Performed by Barbara Bonney / Geoffrey Parsons
# "BRIGHT IDEA"
Performed by Orson
# "I LIKE THE WAY"
Performed by the Bodyrockers
# "I SEE GIRLS (CRAZY) - TOM NEVILLE RADIO EDIT"
Performed by Studio B
# "LETTING THE CABLES SLEEP"
Performed by Bush
# "TURNING JAPANESE"
Performed by The Vapors
# "ESTO ES PA TI"
Performed by Santa Fé
# "NO TOMORROW"
Performed by Orson
# "LA CAMISA NEGRA"
Performed by Juanes
# "FEELING A MOMENT"
Performed by Feeder
Performed by Coco & Puttnam
# "TOE THE LINE"
Performed by Trademark
# "PUSH THE BUTTON"
Performed by The Sugababes
# "HERE WITHOUT YOU"
Performed by 3 Doors Down
Hope this helps
Why is the holocaust of the jews remembered more than the death of 16 million chinese by the japanese in WW2?
I was having a discussion today with a friend about the film Schindler's List. I was saying how sorry I felt for what happened to the jews in world war 2. He pointed out that no-one remembers all the chinese that died (16 million civilians) that died at the hand of the Japanese. There are so many books and films on the jewish Holocaust but nothing on the chinese.
You'd have to ask the Chinese people why they don't commemorate their lost ones, wouldn't you?
The Holocaust was grotesque and also 'unique' in that it was the attempted and almost successful genocide of one specific religious group. The death camps were designed and built purely for the purpose of killing as many Jews as possible, as swiftly as possible.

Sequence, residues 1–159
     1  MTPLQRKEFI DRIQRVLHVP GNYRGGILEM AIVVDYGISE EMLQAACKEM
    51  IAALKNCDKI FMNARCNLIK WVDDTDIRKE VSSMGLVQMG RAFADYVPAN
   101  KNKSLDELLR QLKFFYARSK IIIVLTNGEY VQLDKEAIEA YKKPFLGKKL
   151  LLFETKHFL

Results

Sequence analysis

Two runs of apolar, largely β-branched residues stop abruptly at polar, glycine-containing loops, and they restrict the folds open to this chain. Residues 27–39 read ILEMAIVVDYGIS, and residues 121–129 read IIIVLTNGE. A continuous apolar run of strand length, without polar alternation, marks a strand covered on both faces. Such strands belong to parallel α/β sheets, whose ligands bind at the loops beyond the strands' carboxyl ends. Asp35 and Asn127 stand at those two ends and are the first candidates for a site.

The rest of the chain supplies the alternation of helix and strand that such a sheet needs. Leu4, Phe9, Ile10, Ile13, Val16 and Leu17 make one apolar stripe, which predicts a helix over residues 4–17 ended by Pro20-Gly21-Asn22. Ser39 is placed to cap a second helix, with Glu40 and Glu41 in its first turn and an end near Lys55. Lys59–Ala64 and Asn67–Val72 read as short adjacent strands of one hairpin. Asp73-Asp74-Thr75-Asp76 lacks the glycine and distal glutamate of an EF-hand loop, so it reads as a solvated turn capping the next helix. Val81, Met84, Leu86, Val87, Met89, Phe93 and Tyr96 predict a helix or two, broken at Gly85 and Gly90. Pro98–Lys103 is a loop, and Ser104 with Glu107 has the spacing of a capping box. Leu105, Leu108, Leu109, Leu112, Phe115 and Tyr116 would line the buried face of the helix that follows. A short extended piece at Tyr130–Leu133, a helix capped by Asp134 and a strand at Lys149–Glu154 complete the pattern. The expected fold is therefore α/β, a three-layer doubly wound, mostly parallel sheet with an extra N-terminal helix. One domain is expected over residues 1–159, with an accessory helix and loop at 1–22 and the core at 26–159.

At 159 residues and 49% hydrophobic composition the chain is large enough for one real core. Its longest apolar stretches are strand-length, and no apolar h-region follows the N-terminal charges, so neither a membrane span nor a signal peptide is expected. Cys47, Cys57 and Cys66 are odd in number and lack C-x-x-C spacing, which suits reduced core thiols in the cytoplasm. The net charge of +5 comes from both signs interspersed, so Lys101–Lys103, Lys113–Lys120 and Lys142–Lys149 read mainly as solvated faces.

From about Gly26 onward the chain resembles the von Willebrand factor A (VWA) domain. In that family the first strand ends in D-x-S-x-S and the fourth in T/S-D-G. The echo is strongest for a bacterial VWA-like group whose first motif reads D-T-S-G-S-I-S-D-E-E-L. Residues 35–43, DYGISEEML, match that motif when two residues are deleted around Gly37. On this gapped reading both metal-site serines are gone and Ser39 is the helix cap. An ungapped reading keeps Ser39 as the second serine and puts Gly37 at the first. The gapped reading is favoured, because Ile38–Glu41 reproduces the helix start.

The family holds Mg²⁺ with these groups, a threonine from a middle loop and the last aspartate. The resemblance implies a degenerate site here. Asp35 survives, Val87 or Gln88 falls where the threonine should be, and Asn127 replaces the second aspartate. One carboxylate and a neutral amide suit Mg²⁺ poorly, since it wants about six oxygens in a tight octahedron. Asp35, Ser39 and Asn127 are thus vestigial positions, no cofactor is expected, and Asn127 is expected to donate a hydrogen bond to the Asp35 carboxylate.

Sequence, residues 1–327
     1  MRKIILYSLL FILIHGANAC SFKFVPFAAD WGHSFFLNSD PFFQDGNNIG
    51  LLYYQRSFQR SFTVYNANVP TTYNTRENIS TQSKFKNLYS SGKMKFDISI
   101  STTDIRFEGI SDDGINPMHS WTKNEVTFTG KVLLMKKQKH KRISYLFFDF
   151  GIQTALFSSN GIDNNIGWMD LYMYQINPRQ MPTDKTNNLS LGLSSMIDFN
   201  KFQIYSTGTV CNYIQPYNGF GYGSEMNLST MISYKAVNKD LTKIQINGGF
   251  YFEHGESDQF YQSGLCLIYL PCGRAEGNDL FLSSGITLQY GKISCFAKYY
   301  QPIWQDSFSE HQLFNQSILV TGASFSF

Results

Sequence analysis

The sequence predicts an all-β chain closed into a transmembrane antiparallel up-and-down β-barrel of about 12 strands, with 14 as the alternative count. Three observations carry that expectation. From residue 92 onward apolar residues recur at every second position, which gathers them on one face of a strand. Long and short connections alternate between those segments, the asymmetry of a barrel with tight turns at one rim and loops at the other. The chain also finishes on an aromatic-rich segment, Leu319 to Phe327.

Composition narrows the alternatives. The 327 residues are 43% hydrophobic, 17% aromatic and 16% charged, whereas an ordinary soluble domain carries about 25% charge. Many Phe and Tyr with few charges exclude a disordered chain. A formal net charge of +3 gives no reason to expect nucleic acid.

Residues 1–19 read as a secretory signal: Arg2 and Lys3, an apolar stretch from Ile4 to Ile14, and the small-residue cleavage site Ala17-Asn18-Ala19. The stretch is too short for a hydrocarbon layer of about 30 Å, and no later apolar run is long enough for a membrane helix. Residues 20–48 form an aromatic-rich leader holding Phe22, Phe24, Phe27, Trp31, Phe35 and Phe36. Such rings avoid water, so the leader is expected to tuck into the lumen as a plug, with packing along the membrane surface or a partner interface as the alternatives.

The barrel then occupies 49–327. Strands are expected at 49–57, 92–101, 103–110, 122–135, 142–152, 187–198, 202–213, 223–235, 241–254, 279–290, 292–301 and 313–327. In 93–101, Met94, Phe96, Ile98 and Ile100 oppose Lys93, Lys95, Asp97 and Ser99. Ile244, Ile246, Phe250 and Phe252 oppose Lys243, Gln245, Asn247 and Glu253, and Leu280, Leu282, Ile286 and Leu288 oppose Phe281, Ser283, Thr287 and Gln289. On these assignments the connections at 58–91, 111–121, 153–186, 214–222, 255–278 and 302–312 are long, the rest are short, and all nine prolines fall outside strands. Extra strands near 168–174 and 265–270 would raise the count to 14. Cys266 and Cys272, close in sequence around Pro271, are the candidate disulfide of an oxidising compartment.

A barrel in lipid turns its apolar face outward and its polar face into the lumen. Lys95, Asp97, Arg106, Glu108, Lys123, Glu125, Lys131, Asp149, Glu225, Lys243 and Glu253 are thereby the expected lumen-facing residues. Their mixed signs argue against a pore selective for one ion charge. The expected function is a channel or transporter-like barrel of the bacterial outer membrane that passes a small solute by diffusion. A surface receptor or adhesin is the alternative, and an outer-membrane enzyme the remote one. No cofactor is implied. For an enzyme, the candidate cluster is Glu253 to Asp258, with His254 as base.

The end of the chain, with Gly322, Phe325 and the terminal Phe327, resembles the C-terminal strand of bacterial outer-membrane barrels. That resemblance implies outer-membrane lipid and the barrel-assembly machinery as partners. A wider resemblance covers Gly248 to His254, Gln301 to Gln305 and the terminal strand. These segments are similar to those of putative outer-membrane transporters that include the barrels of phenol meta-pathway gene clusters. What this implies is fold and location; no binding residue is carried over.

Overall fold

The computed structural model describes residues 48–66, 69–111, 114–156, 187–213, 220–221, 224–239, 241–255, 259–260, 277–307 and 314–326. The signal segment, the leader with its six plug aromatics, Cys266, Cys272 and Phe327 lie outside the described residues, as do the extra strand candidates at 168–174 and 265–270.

Almost every Jewish family in Europe today, has missing members who died in the Holocaust. We are a tiny people, something like 0.25% of the world population, so the Holocaust had a personal and immediate impact on us all.
And because, sadly, anti semitism still exists, we cannot ever forget what happened to our fellow Jews. All Jews take a silent vow at some point or another in their lives: NEVER AGAIN.
If the Chinese choose NOT to honour the millions of their people that died, that's up to them, I guess, isn't it...?
http://www.nizkor.com - info on the Holocaust
What are some popular animes for each genre I listed?
I am currently doing a presentation on Japanese animation for my film class so I need a very popular anime for each genre I lest below:
-A comedy anime
-A drama anime
-A fantasy anime
-A hentai anime
- and two classic animes
~ You don't need to give me the full list but you could give me one of those and I will really appreciate it ^_^
These are the first series that come to mind
Golden boy,seitokai yakuindomo, baka and test
Sword Art Online, Accel World
Kiss X Sis, Highschool DXD, Sora no Otoshimono
Spirited Away, My neighbor Totoro.
What are some good World War Two movies?
Please try not to recommend any older than 1990!!
Doesn't matter about the country of origin, I don't mind subtitles. =P
AS LONG AS THE MOVIE IS BASED AROUND WW2!!! It can be about the Holocaust, the Japanese internment camps, the European front, the Pacific front, from the point of view of the Allies or the Axis.
War in Wintertime (Dutch film about a boy in the Netherlands during the last winter of WW2)
American Pastime (movie about the Japanese Internment camps in the USA)
Letters From Iwo Jima (movie from the point of view of Japanese soldiers during the battle of Iwo Jima)
Flags of Our Fathers (movie about the American soldiers who raised the American flag on Mount Suribachi during the battle of Iwo Jima)
The Boy in the Striped Pyjamas (about the Holocaust, based on novel)
The Children of Huang Shi (British journalist in WW2 China)
The King's Speech (about King George VI of Great Britain during WW2)
Here's a Wikipedia page to lot's more movie!!
Movies with Handsome Men in Traditional Japanese Clothing?
If you know of a few, please list them. Is it just one scene or the whole movie? Who stars in it?
You might try these:
You Only Live Twice (James Bond film)
Shogun (TV miniseries)
Government elites with family members in military?